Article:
I stared at the cloud. It was shaped vaguely like a faerie from Legend of Zelda, only it was a lot bigger. “It sort of looks like…” I began.
“I know!” Brett interrupted. “How could I not chase it? And it was the proper size, then. I’m not sure what it is, but everyone I’ve asked said it wasn’t there until I got here. For a long time I thought it was probably my way home, but I don’t have any way to reach it.”
“Maybe it is your way home,” I said. “You should get started on a ladder.”
“Or a lasso,” he suggested jokingly.
“Or a catapult!”
We laughed all the way down the hill, and as we strolled back to his house, arm in arm, we enjoyed one another’s company for the last time in silence.
The shaman was waiting for us when we arrived. She handed me my aunt’s steak knife and gave Brett the cord and stone, which she had fashioned into a pendant necklace. After indicating that we should face one another and join hands, she spoke some words and gestured at us, and we each gave the other our gifts. At the shaman’s prompting, I laid down on the bed and closed my eyes. She said a few more phrases and then stepped back.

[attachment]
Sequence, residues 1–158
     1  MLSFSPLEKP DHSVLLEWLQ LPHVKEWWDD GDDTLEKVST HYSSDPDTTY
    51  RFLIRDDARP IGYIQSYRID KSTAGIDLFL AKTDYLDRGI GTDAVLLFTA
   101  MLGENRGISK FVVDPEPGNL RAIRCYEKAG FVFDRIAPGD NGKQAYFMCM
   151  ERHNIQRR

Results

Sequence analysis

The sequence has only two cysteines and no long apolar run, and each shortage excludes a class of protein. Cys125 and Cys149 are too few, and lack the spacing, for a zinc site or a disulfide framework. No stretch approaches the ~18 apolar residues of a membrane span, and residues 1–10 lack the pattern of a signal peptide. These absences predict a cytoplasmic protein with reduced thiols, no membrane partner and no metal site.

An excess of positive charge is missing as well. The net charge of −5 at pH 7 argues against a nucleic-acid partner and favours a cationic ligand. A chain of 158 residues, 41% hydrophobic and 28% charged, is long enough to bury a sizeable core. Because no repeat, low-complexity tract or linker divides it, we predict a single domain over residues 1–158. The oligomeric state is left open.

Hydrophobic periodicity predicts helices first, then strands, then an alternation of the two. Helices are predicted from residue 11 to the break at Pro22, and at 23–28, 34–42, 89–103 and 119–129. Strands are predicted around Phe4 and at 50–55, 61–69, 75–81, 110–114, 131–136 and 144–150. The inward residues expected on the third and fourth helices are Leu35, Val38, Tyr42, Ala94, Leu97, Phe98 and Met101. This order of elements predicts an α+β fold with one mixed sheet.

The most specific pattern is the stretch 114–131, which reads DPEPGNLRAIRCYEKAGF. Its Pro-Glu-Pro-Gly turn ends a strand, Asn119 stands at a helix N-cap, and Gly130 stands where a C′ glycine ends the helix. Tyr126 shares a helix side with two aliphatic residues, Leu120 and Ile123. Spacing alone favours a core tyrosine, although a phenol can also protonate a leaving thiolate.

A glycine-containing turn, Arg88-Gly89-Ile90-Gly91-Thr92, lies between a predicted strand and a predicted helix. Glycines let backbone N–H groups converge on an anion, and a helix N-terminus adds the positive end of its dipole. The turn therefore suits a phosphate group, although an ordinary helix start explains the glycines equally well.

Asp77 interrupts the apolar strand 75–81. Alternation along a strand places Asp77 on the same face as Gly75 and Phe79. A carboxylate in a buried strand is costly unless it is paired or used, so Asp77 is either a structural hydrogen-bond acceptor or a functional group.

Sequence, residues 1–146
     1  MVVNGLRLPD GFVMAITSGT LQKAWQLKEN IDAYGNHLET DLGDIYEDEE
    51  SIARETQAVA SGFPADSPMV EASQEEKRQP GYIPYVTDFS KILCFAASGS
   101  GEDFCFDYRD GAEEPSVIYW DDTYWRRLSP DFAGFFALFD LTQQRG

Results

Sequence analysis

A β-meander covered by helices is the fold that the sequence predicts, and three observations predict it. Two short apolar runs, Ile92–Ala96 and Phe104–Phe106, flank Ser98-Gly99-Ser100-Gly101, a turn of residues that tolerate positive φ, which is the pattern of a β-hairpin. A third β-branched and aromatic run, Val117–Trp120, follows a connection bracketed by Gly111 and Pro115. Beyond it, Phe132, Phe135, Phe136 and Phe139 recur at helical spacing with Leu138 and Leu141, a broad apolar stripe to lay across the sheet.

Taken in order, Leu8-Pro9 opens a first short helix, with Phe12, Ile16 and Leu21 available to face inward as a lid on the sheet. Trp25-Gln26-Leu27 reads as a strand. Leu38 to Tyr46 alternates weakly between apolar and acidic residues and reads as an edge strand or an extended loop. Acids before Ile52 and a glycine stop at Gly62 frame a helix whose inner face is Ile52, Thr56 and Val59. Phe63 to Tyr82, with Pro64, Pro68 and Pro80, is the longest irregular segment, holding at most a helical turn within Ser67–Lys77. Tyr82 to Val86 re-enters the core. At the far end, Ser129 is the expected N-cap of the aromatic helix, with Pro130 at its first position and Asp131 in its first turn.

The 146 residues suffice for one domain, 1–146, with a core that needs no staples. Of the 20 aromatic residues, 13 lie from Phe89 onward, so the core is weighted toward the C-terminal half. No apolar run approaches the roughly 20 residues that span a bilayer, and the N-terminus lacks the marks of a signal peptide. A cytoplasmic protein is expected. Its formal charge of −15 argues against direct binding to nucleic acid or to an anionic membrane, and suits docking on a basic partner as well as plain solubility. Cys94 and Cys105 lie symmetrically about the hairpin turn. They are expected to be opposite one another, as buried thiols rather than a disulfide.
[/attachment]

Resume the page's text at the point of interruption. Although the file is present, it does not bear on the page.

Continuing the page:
I opened one eye, and whispered, “ask her about the time difference!”.
He looked panicked and quickly said something to her. After listening to her answer, he informed me that by exchanging these gifts, we were linking our two worlds, and bringing them into alignment.
“So you’re giving me jewelry, and we’re tying our lives together,” I commented, “should I be wearing a veil? Are you going to kiss the bride?”
He grinned and tied the cord around my neck. “I now pronounce you bonded for life,” he said, and kissed me on the forehead. “Sweet dreams.”

I opened my eyes and saw the sloping ceiling of my aunt and uncle’s cabin. The whole of the day before flashed through my head in an instant, followed by one hopeful thought: “Maybe it was all a dream!
“BRETT!” I shouted, jumping out of bed and running out of the room. We’d decided the day before that he was going to sleep in the guest room across the hall. I burst through the door and leaped up onto the bed, not caring whether I jumped on him. “You have to hear about this crazy dream I had!”
“Gah, don’t yell,” came his sleepy voice. “I didn’t sleep very well.”